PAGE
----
But apparently, flying hundreds of people at hundreds of mph at several thousand feet above the ground doesn't require this sort of familiarity with the machine. Having flown other 737s and skimming a manual 20mins before departure was often deemed sufficient, resulting in flabbergasted and overwhelmed pilots.
Boeing, FAA, airlines... whoever is ultimately blamed in all of this, the crash has revealed some scary stories in regards to aviation - all for the sake of cutting costs because people demand to fly across continents for $100.
But the idea that they can learn the differences from the manual in a short car ride is ridiculous in the extreme.
As a daily driver of your own car, if you do own one, then it might be apparent how different they can be. I constantly switch between automatic Mercedes and BMWs.
Both have a near identical handle on the right side of the steering wheel. One turns on wipers (BMW), the other one shifts gears... (Benz). Imagine that on a plane with worse consequences than accidentally shifting into neutral when it rains.
They definitely did not do the proper training that was merited here, but the proper training is not and never was flying a large jetliner empty.
One would expect that X hours in a simulator help you adapt to a new aircraft type.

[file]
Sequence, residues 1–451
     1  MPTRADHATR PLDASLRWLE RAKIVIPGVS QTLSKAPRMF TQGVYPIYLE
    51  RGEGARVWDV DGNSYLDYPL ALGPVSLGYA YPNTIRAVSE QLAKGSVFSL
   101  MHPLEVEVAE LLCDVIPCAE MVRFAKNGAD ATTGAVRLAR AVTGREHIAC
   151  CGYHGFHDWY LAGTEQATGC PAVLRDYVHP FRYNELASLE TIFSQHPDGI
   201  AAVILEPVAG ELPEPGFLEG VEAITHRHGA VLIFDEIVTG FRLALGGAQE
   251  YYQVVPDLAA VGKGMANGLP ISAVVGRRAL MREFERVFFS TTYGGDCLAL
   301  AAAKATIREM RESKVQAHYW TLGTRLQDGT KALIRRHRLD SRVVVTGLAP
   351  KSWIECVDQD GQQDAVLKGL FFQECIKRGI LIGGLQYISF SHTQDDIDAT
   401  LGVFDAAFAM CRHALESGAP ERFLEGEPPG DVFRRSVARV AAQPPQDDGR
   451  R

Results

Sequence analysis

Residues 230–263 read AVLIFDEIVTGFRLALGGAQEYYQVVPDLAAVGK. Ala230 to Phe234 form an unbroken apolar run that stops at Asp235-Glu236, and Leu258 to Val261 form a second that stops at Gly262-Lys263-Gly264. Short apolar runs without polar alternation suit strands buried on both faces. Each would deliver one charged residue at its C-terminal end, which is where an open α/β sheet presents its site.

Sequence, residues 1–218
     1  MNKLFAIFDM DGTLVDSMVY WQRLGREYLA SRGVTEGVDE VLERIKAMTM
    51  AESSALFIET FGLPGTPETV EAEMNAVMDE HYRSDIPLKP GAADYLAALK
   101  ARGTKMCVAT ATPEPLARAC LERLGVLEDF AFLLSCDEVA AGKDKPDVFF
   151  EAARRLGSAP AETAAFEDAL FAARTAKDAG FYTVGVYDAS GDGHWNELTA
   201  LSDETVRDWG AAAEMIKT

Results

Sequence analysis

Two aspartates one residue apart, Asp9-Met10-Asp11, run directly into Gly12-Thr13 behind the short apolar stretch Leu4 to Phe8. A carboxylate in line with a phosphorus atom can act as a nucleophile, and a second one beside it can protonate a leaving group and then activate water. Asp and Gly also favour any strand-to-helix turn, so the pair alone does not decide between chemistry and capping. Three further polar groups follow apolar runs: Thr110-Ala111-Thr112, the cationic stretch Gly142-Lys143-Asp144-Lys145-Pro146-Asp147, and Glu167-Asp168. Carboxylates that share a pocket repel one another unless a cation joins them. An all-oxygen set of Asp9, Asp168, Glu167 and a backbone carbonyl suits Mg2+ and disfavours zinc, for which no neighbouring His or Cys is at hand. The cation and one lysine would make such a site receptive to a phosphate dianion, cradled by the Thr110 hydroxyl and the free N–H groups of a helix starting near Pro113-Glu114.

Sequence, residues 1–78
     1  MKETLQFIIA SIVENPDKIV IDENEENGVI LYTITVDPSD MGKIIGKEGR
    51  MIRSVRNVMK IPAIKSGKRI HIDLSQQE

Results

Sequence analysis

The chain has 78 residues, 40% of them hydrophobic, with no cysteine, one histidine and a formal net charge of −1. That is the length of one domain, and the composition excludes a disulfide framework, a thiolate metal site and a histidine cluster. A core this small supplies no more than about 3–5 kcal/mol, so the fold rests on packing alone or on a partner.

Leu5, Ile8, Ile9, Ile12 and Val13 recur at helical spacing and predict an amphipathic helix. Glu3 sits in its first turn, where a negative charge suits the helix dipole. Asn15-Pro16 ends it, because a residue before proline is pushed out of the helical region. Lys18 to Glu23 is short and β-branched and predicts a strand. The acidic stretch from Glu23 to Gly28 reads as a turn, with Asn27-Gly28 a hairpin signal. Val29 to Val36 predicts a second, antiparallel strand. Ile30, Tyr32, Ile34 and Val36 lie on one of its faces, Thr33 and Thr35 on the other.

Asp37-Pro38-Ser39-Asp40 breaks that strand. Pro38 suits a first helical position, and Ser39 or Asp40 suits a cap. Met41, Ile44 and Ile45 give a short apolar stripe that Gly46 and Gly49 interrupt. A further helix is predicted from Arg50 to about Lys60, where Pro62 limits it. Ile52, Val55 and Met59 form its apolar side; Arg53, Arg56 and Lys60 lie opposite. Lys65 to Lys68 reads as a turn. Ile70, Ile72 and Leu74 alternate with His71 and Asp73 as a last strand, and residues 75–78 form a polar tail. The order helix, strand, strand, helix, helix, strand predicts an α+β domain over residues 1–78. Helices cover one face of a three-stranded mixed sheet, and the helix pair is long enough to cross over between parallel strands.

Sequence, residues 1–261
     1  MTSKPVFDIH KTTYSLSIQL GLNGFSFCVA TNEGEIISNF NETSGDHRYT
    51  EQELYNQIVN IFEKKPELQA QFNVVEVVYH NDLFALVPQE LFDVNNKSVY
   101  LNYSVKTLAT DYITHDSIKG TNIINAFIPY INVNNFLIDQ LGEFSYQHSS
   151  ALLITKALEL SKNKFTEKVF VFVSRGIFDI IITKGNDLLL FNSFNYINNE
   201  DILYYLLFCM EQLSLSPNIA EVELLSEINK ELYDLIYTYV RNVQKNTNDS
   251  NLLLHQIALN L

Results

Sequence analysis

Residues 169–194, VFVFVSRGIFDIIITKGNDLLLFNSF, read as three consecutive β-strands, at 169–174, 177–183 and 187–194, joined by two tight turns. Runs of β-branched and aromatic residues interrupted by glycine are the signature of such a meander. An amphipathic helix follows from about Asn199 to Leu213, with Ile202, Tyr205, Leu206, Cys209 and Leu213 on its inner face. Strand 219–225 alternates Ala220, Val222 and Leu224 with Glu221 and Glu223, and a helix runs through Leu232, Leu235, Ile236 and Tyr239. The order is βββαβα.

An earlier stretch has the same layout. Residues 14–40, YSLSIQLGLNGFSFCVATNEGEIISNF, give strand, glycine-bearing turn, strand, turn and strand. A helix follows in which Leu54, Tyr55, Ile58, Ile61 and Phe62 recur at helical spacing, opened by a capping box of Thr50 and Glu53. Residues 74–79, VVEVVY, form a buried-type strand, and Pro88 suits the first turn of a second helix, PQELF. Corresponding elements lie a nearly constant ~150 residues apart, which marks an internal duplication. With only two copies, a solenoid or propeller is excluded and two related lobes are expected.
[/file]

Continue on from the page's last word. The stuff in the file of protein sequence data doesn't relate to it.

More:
I didn't intend to demand economically stupid things like flying an large aircraft empty for training, just wanted to express that as a passenger I want my pilot to know their way around the machine that keeps me 10km above ground at 600km/h.
Just to clarify: you can udpate a simulator and recertifie it. e.g. in regard to the motion or visual systems etc etc. But to transform a simulator into another aircraft would be beyond economically sane.
According to Boeing, the FAA, the EASA, and various other regulators around the world, the 737 MAX is not significantly different to earlier 737s.
Nobody does that in a "live aircraft", that's what simulators are for (and the whole flight training curriculum, from the first lesson to being able to fly a commercial jet).
Then we read that the MAX was the "best selling model." It seems, based on the false advertising, that included not acknowledging the differences. Even the "less serious" ones: